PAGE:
Le 3 nov. 06 à 23:55, Jonathan Paisley a écrit :
rb_main.m is in the app which loads the plugin; I have traced the Ruby code, the plugin's Ruby classes are loaded correctly.
In my earlier email, I mentioned the idea of triggering the RubyCocoa initialisation process via the dynamic linker's ability to automatically call init functions (see '-init' argument to ld).
Hopefully that may work.
This sound really complicated to me, and unnatural. I just want Cocoa to work properly and recognise my Ruby principal class.
I'm a bit confused about what's going on. Perhaps you could describe the situation you've got in more detail?
Yes, you are right, I should have been more precise.
I am developing the app *and* the plugin. The plugin is dropped into the app bundle : this can be done through the Finder's inspector, but I just added a file-copy step to my XCode project to put the plugin in the right place when the app is regenerated.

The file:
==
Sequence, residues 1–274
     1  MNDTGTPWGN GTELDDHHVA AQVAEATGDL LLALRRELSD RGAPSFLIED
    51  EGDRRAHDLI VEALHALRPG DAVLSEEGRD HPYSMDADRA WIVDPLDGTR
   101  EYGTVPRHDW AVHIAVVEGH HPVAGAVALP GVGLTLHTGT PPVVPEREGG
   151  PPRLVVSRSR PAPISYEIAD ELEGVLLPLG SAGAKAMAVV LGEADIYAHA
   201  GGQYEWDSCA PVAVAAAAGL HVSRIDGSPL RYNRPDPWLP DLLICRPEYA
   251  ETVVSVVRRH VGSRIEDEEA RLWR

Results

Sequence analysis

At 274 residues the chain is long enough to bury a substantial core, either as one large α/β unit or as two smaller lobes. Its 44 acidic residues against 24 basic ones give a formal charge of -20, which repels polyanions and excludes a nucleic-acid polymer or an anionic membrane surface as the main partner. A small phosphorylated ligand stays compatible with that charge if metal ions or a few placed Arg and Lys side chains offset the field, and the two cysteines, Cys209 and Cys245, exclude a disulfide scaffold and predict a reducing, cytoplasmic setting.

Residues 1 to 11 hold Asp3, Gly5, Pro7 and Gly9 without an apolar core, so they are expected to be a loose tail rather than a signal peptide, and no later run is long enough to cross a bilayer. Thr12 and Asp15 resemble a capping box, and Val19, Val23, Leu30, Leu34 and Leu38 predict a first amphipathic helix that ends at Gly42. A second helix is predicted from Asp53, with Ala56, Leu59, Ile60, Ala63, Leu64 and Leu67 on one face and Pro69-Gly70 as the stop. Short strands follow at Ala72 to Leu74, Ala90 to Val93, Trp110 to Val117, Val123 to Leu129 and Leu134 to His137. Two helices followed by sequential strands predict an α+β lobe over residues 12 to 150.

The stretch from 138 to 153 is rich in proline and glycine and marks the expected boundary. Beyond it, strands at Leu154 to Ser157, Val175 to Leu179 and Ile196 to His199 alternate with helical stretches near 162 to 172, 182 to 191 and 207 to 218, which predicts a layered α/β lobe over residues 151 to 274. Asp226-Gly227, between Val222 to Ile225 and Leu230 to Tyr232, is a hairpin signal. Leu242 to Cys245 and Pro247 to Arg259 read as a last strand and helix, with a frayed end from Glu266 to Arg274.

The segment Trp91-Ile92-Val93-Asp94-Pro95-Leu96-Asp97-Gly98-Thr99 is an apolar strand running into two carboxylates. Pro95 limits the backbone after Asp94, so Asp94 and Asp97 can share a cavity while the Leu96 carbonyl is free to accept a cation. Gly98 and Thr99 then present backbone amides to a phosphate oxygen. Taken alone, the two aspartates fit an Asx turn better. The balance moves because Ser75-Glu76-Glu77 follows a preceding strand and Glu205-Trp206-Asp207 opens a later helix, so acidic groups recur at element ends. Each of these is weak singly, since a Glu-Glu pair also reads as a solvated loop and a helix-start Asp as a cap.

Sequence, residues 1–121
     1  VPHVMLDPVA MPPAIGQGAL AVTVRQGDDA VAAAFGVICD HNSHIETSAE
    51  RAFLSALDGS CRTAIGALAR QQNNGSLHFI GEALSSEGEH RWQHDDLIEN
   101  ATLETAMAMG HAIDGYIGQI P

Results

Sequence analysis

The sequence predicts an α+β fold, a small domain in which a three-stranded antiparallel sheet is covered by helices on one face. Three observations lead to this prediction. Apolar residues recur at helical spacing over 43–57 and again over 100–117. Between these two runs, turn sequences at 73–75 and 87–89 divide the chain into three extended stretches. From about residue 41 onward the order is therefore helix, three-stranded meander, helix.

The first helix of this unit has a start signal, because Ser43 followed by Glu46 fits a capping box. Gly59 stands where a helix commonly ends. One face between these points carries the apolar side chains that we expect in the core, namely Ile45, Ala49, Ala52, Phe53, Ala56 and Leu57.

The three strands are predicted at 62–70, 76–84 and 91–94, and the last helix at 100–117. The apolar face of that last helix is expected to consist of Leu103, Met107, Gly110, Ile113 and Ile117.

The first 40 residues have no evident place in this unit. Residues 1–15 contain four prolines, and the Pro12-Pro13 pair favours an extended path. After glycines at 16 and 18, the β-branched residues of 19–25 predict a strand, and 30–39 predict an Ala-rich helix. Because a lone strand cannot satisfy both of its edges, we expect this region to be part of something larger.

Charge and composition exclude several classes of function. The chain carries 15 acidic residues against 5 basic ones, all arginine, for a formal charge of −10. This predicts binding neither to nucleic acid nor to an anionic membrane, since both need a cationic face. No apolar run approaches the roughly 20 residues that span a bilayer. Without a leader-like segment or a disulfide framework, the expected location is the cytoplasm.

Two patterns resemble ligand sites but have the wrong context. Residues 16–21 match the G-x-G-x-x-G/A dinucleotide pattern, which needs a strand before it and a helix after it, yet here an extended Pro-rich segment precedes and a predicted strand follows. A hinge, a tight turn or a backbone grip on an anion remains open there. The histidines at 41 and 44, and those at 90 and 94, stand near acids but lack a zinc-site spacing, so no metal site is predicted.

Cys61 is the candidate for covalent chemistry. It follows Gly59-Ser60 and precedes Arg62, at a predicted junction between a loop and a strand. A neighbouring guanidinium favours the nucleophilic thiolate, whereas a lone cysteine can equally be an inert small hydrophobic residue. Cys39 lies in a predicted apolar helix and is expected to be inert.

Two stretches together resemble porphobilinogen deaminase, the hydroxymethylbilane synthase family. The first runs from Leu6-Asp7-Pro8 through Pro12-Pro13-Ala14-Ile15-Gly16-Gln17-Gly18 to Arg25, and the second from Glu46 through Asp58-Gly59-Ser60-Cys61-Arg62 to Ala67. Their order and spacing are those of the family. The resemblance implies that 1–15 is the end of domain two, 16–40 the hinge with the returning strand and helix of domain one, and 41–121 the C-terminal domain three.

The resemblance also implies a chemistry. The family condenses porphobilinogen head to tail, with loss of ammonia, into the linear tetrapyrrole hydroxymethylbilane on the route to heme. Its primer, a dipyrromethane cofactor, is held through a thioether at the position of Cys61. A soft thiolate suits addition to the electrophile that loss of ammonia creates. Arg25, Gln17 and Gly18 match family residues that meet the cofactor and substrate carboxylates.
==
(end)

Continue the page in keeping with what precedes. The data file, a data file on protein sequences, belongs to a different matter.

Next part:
I load plugins like this. For each plugin at 'currPath' :
NSBundle *currPlugin = [NSBundle bundleWithPath:currPath]
Class currPrincipalClass = [currPlugin principalClass]; // fails for Ruby principal class
currInstance = [[currPrincipalClass alloc] init]; // create an instance of principal class
The main app is using RubyCocoa. As I said previously, for the moment (hack) the main app loads the Ruby code of all the plugins it finds, from the app's rb_main.rb, way long before the plugin is loaded.
The plugin does not use or need to use RubyCocoa (I think ?).
Maybe this is the problem : does [currPlugin principalClass] inspect OC's understanding of the plugin's Info.plist, or does it (possibly) call a plugin-initialisation method which I should override to do some magic RubyCocoa initialisation stuff ?
The plugin is built with a standard XCode "Cocoa bundle" template which includes Ruby code files in Resources.